Q: Iranian officials in the recent years have complained of President Obama’s unchanged policies toward the Middle East. They say that Obama continued its sponsorship of Israel and renewed economic sanctions on Iran, and as a result, many Iranians view Obama to be repeating the policies of George W. Bush. What’s your idea?
A: When President Obama first took office in January 2009, he was determined to solve the Palestinian-Israeli conflict, and he believed that if he put pressure on the Israelis and the Palestinians, he could get a two-state solution. So at the beginning, he was deeply committed to change the American policy in the region, but he failed, largely because no president is strong enough to stand up to the Israeli lobby on issues relating to the Occupied Territories, so by 2011, Obama decided that it was best to just back off and not push the Palestinian issue, because he had an election coming up in 2012, so over the past year, Obama has hardly said anything about the Palestinian issue, and the big question is that what would President Obama do now that he has been reelected. Will he go back to trying to push hard for a two-state solution, as he did at the beginning of his first administration, or will he basically pursue a hands-off policy? My sense is that Obama realizes that it’s almost impossible for him to persuade Israel to end its policies toward the Palestinians and realize a two-state solution and I think he cannot do much for a two-state solution over the next four years.
With regards to Iran, I think that Obama was interested in trying to reach some sort of negotiated settlement over the past four years with Iranians, but again there’s no way any American president can reach a meaningful agreement with Iran as long as Israel and its supporters in the United States don’t want a solution to the conflict between Iran and the United States, and the fact is that Israel has no interest in allowing the United States and Iran to have some sort of rapprochement, and I don’t think that’s going to change in the next four years. I think every time that it begins to look like that the Iranians and Americans might strike a deal over Iran’s nuclear capabilities, the pressure will be brought back, and Obama will back off, so I’m very pessimistic about the future of Iran-U.S. relations and it’s in large part because of the Israelis. I hope that I’m proved wrong on this.
Q: What’s your prediction of the future of U.S.-Israeli relations in President Obama’s second term? There have been conflicts between the two staunch allies in his first term. What will happen in the coming four years?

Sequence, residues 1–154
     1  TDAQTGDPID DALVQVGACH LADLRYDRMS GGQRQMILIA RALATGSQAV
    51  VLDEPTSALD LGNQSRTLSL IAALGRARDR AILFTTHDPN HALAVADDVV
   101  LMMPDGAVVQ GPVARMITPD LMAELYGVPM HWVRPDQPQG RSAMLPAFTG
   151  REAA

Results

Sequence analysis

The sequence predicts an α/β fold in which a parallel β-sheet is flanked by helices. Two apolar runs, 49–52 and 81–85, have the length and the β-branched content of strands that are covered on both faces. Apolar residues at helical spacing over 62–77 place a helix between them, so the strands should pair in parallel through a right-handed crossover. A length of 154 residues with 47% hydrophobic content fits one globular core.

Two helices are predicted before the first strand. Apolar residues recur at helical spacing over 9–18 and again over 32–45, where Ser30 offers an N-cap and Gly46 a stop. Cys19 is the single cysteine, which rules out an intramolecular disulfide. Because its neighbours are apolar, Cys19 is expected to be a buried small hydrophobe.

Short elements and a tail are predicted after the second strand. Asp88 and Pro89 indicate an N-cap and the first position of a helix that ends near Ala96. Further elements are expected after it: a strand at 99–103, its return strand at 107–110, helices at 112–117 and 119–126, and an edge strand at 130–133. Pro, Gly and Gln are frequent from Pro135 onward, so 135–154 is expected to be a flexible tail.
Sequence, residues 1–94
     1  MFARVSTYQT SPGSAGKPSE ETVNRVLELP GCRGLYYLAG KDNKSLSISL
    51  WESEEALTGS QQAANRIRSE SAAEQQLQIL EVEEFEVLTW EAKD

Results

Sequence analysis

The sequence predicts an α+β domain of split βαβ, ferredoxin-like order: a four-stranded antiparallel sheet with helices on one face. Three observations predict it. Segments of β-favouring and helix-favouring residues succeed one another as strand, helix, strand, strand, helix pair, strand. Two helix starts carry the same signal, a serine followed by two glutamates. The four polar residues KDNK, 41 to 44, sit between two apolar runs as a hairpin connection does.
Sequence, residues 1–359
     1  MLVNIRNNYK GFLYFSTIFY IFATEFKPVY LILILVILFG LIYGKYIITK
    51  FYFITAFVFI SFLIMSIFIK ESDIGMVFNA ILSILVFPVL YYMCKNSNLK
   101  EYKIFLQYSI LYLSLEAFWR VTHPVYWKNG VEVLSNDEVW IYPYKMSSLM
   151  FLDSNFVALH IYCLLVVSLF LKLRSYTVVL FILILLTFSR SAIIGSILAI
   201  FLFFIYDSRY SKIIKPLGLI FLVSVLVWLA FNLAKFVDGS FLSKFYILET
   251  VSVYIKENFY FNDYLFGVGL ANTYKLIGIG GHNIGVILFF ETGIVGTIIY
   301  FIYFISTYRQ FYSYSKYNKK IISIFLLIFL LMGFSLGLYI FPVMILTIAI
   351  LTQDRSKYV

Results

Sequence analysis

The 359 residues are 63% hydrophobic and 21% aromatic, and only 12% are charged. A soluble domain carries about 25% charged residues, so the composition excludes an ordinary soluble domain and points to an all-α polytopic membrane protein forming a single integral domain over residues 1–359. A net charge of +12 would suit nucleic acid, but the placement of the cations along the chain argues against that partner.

A: I think that over the next four years, the relations will be pretty much the way they have been in the past four years. I think that Obama will do a number of things that will anger the Israelis and the lobby would put pressure on Obama and he will retreat. The fact is that if there were no Israeli lobby, the United States would have a much different policy toward Israel, and I should say toward Iran, and I think in the end that would be much better for Israel, the United States and Iran as well. And it would certainly be much better for the Palestinians. The current situation which we are in is a lose-lose-lose-lose situation for all the four parties, and of course by the four parties, I mean Israelis, Americans, Iranians and the Palestinians.
Q: Since Iran started its nuclear studies and activities, the U.S., Israeli and European officials have repeatedly warned that Iran will be possessing nuclear weapons in the next two, three, six or twelve months, thus keeping alive a continuous fear of Iran among their people. All of these years have elapsed, and the predictions didn’t come true. What are the possible reasons for the psychological operation and black propaganda against Iran?
A: There’s a fundamental problem here, and that is if Iran develops a significant nuclear enrichment capability – and I’m not talking of weapons capability here, it’s very close to the point that it can develop nuclear weapons. It’s just a short step from the nuclear enrichment capability to the nuclear weapons capability. And the reason that the Americans, Israelis and Europeans are so fearful of Iran developing a significant nuclear enrichment capability is because they realize that it will bring Iran very close to the point that it can acquire nuclear weapons. That’s really the tap root of the problem here. And what the Americans want to do is to significantly limit Iran’s nuclear enrichment capability, because they don’t want Iran to be close to the point that it can weaponize. And the Iranians of course feel that as signatory to the NPT, they have a right to significant enrichment capability, but again, from an American and Israeli perspective, that is very worrisome because it brings you close to the point that you can weaponize. But by striking a deal between the United States and Iran, we mean that the Americans should accept the fact that Iran is entitled to have an enrichment capability, but at the same time, it creates a situation where Iran accepts that there should be a limit to that enrichment program, so that Iran doesn’t march up to the point of weaponization. That’s a compromise that has to be done. This is going to be a compromise.